‘Portraying Movement of the Human Figure whilst Preserving Some Realistic Detail’
I found Part 4 of this module the most engaging. As I approached the end of that part, I knew I wanted to use figures for assignment five. My most successful pieces in Part 4 were, in my opinion, the large charcoal figures . I really loved working on those drawings so I decided to do a similar exercise but try to incorporate some other aspect that I hadn’t worked through as well as I would have liked.
During my tutor feedback session for Part 4, Ilsa advised me to ‘not miss out on the experience’ of drawing moving figures in real time. This comment planted the idea of trying to capture movement.
I had previously been toying with ideas around ageing incorporating my own artwork I did as a teenager, or to perhaps see where working on a very large scale would take me, but neither idea truly grabbed me. When I later thought of combining my charcoal work with some kind of depiction of movement, my thoughts started running away from me and I had to grab pen and paper to catch them all!
The research exercises of this course interest me greatly (even though I’m not very good at writing them up in a timely manner…). I come across many works that I instantly love, instantly hate, or that make me want to look at other works by the artist. As I view more and more work, I’m beginning to form a coherent impression of a context into which my own work may fit; a growing list of artists with whom I feel some affinity. This feeling bears closer inspection- I want to try to identify the element(s) that cause it. In some cases it is obvious to me, it will be, say, the use of negative space or the treatment of light and shadow. Other times it is much harder to discern; it might be a subtle quirk, or just gut feel.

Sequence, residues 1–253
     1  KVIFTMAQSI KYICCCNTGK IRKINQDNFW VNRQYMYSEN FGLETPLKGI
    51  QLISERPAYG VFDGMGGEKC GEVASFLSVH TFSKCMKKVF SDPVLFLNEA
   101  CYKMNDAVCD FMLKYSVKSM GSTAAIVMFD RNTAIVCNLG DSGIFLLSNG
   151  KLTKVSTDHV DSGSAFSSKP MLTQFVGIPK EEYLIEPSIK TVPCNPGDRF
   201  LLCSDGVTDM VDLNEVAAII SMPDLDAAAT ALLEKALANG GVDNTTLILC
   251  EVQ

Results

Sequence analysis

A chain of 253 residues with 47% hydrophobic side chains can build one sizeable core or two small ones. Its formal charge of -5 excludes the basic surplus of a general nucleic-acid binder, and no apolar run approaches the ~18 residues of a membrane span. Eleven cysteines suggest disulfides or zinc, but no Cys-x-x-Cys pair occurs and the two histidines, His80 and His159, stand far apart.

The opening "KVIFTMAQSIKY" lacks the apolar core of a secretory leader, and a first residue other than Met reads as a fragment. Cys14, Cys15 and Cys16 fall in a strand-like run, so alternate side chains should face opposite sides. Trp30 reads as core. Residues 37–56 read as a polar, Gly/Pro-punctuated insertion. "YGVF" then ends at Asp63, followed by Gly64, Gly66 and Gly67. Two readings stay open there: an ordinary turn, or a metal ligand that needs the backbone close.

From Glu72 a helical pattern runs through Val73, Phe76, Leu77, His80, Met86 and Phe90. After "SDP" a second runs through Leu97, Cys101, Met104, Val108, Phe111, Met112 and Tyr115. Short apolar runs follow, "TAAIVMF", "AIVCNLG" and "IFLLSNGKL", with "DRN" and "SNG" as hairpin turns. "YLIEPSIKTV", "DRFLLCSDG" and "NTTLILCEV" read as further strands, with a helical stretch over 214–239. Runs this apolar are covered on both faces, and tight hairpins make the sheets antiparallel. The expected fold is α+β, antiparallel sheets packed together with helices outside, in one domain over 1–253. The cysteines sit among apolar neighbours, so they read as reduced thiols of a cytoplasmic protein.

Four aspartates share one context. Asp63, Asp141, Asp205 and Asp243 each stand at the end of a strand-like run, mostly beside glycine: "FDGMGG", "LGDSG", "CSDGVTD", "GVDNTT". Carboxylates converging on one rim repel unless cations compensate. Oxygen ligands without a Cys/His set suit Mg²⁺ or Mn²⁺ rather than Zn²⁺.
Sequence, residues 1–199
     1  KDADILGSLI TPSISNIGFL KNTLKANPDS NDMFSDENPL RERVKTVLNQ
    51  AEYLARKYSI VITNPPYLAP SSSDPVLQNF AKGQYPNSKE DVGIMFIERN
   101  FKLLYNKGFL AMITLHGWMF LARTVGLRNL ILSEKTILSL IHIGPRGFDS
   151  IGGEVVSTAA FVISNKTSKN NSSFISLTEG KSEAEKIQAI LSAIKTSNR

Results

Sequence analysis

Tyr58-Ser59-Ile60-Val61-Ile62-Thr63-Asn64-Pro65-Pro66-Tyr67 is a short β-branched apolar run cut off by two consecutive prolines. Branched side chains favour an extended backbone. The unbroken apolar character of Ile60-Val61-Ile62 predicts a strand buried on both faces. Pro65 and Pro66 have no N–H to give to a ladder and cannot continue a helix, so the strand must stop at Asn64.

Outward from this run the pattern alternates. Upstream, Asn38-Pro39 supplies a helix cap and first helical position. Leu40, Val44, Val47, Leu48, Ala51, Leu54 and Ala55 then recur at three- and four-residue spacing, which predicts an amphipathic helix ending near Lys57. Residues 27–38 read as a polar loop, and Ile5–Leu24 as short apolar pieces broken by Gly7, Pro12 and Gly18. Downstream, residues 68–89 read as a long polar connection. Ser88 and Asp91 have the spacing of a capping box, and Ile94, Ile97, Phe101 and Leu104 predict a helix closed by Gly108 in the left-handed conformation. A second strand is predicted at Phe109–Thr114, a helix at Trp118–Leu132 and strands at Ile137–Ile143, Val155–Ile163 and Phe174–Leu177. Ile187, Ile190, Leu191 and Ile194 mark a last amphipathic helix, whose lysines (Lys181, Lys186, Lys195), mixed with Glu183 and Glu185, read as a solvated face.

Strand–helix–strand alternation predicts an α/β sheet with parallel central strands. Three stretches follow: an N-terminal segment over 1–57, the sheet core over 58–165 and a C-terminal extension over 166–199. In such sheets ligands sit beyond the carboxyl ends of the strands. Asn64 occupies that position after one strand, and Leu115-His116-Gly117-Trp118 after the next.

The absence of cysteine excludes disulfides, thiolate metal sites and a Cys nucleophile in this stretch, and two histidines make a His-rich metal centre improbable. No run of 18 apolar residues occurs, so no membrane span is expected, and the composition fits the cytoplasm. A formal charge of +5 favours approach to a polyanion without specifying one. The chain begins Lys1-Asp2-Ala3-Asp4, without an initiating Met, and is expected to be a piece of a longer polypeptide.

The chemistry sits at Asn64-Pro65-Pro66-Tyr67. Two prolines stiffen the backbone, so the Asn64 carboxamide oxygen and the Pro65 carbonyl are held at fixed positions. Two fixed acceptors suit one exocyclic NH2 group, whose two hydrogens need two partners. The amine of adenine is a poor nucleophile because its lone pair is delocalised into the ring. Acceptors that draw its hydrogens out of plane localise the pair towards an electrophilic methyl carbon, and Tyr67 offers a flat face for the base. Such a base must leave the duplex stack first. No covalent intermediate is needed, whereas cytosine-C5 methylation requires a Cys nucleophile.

Even though I am already certain I want to use charcoal for this piece, I’m considering mixed media depending on where my investigations lead me.
I strongly feel that an absence of background is part of my ‘voice’. If it even occurs to me to consider adding background detail, it so rarely feels right to me to do so since it detracts from the subject. Therefore I’m fairly sure I will do this again.
I also have preferred my monochrome work in recent exercises. I appreciate that this is probably just a function of using charcoal but again I suspect that this piece will be in monochrome.
Areas to investigate:
- Will just a lack of focus in some areas do it? Portray in water? Distortion?
- How do other artists portray movement?
- Lines, smudges, ‘potential energy’
- Looking at other artists:
Karolina Szymkiewicz, Tom French, Scott Hutchison, Matthew Ritchie, Marcel Duchamp